If you need to submit a Self-Assessment Tax Return (SATR) it’s imperative you get it in on time and free of any mistakes. There are penalties for not submitting your tax return on time and you may have to pay a fine if HMRC deem you have not taken enough care in completing it.
This article explains how to get started with your tax return, and how to avoid common mistakes that people make on their self assessment tax return. (more…)
If you decide to work for yourself and begin trading as a sole trader, (self-employed) you will need to set up your accounts to record your income and expenses.
In order to do this you will need to be aware of tax, national insurance and other factors that will affect the records you need to keep as a sole trader.
To help you understand your duties and to get your book-keeping done painlessly, here’s the low-down on setting up your sole trader accounts. (more…)
To clarify the various tax rates, thresholds and allowances that self employed workers, business owners and company directors need to be aware of for tax calculations, here is ByteStart’s summary of the main tax rates, tax bands, and tax allowances for the tax year from 6 April 2016 to 5 April 2017.
These are the rates and thresholds that you will need to use for completing self assessment tax returns for 2016/17.
The deadline for filing a paper tax return for the 2016/17 tax year is 30 October 2017. If you are completing your self assessment online, you have until 31 January to submit your return.
For those new to the world of business there are many things to consider. One of the biggest decisions you’ll have to make when you’re starting a business is whether to set up as a sole trader (self employed) or limited company.
Both sole traders and limited companies have their distinct advantages and disadvantages (make sure you read our guide on 10 Advantages of running your business as a limited company instead of being self-employed to learn the main benefits of the limited company option).
Whilst the professionalism and protection that comes with running a limited company is appealing to many, becoming self-employed is the more straightforward option, and with it comes a number of other benefits. (more…)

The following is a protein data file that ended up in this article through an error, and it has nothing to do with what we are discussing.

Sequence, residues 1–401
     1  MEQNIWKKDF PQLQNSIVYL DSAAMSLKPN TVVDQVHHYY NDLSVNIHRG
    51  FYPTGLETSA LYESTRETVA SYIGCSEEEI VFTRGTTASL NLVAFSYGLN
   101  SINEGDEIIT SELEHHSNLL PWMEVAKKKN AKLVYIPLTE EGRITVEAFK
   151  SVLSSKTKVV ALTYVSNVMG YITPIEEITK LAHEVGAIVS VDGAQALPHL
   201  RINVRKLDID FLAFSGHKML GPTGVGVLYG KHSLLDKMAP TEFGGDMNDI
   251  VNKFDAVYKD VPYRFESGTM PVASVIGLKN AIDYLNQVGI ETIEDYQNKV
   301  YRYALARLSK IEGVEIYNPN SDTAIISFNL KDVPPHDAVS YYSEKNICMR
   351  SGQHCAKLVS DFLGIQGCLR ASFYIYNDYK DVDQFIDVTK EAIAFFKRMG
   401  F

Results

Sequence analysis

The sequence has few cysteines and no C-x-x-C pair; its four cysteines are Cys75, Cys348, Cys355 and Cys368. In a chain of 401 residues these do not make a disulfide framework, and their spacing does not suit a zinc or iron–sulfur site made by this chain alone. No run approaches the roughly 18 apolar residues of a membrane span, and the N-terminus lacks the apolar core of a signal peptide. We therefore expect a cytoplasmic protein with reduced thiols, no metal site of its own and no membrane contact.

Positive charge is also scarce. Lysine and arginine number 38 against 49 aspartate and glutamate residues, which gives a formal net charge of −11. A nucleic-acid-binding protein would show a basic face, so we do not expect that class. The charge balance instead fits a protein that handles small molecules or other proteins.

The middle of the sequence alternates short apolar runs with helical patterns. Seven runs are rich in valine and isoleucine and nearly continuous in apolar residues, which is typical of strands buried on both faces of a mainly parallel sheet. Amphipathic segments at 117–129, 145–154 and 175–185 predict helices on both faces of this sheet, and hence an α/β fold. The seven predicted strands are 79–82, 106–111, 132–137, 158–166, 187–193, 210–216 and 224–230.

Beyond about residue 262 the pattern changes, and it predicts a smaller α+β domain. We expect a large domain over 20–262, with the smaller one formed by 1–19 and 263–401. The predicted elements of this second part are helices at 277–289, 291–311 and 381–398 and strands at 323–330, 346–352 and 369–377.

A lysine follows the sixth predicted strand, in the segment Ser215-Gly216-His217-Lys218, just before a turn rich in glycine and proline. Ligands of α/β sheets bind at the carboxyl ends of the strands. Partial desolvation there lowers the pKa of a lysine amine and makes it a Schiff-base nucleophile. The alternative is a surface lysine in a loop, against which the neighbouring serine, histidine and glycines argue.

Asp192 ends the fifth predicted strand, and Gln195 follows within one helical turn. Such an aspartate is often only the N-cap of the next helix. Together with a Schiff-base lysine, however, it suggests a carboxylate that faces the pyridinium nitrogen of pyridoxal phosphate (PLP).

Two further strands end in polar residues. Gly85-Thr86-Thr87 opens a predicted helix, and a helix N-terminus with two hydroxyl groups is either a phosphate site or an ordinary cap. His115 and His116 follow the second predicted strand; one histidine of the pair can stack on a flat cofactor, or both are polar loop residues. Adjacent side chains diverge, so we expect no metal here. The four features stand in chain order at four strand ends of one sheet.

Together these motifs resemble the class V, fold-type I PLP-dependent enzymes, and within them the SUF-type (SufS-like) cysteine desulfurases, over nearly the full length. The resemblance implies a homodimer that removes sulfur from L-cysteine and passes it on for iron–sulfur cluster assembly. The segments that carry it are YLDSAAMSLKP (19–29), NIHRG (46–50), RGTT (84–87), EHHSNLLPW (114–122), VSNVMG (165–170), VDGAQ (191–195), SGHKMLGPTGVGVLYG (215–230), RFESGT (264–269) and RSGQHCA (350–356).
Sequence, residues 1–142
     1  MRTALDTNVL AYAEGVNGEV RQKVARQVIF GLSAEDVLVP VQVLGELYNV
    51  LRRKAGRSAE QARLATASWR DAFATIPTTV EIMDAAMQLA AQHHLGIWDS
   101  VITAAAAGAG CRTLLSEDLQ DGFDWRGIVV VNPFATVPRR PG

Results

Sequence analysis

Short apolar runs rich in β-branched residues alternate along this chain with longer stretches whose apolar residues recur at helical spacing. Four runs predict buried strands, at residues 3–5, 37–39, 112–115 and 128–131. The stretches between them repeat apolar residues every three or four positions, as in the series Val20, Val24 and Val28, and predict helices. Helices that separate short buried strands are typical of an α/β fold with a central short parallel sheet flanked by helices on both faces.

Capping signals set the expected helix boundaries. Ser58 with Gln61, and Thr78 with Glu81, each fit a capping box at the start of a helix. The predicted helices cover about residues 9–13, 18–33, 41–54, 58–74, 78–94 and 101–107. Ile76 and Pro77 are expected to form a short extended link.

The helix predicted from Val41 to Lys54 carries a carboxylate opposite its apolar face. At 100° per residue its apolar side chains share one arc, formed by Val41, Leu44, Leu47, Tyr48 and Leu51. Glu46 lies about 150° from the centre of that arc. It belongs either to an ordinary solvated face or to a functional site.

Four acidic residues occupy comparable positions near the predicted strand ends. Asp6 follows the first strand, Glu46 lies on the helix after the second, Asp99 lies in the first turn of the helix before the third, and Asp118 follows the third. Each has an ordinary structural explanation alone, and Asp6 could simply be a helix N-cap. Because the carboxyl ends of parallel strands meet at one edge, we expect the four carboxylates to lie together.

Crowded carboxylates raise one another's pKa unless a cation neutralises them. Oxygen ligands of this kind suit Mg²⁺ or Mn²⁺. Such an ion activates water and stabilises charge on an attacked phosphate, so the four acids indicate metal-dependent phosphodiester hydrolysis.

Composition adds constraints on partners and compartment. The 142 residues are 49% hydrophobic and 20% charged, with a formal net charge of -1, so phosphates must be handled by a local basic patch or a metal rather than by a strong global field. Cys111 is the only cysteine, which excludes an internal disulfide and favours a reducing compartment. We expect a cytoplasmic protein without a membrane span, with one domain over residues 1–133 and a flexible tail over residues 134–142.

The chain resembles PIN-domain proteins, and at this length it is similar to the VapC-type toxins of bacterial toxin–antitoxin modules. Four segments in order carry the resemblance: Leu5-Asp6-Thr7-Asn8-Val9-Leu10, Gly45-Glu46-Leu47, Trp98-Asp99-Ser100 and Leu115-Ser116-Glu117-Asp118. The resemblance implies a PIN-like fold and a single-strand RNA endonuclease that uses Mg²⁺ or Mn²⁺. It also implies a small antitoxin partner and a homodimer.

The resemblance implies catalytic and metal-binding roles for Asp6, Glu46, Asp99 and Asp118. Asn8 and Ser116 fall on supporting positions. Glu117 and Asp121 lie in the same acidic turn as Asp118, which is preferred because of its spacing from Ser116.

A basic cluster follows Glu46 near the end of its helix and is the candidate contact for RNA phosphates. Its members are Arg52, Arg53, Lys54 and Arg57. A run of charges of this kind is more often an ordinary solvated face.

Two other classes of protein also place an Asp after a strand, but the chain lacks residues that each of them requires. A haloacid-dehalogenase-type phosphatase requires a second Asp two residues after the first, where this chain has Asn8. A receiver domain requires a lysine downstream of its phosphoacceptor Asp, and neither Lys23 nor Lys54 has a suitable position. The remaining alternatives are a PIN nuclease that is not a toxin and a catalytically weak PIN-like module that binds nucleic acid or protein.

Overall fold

For millions of UK small businesses, ‘tax season’ represents a costly, time-consuming inconvenience. But Britain’s tax landscape is transforming: in March 2015, HMRC announced its plan to update the self assessment tax payment process – moving away from annual paper returns, and towards a digitized, online system.
The government’s new digital tax accounts system introduces a fundamental shift in the way small business owners – both those working as self employed and those operating as limited companies – report and pay their tax liabilities.
The introduction of digital tax accounts will, within a few years, make the annual self assessment tax return obsolete – so how exactly will the changes affect Britain’s small businesses? (more…)
To help small business owners and company directors stay up to date with all the various tax rates, thresholds and allowances that might be needed for tax calculations, here is ByteStart’s summary of the main tax rates, tax bands, and tax allowances for the tax year from 6 April 2015 to 5 April 2016.
It’s okay to have a hangover on New Year’s Day but don’t let the suffering continue into the year. January 31st has always been a key date in the small business calendar – it marks the deadline for submitting online tax returns.
We’re into December, which means there’s less than 2 months left until all self-assessment tax returns must be safely with HMRC, warns Emily Coltman ACA, Chief Accountant at FreeAgent.
If you become self-employed or a director of a limited company, you will need to complete a self assessment tax return every year.
The first step is to register with HMRC. It’s best to do this as soon as you start your business, but at the very latest, you must register by 5 October of the end of the tax year for which you need to complete a tax return.
Most normal ’employees’ have tax deducted at source via the PAYE system and are unlikely to have to fill in a tax return unless they receive other income. If you receive income which is not taxed at source, or have complex tax affairs, you do need to complete a tax return.
Whether you’re filing your self assessment return online, or if you’re sticking with the paper return, you can save yourself a lot of hassle by getting prepared in advance.If you follow these tips, you’ll save yourself countless trips to your filing cabinet, and hopefully save a great deal of time.
Most normal ’employees’ have tax deducted at source via the PAYE system and are unlikely to have to fill in a tax return unless they receive other income.
When you start a business, you will join the ranks of those that fall under the self assessment tax regime.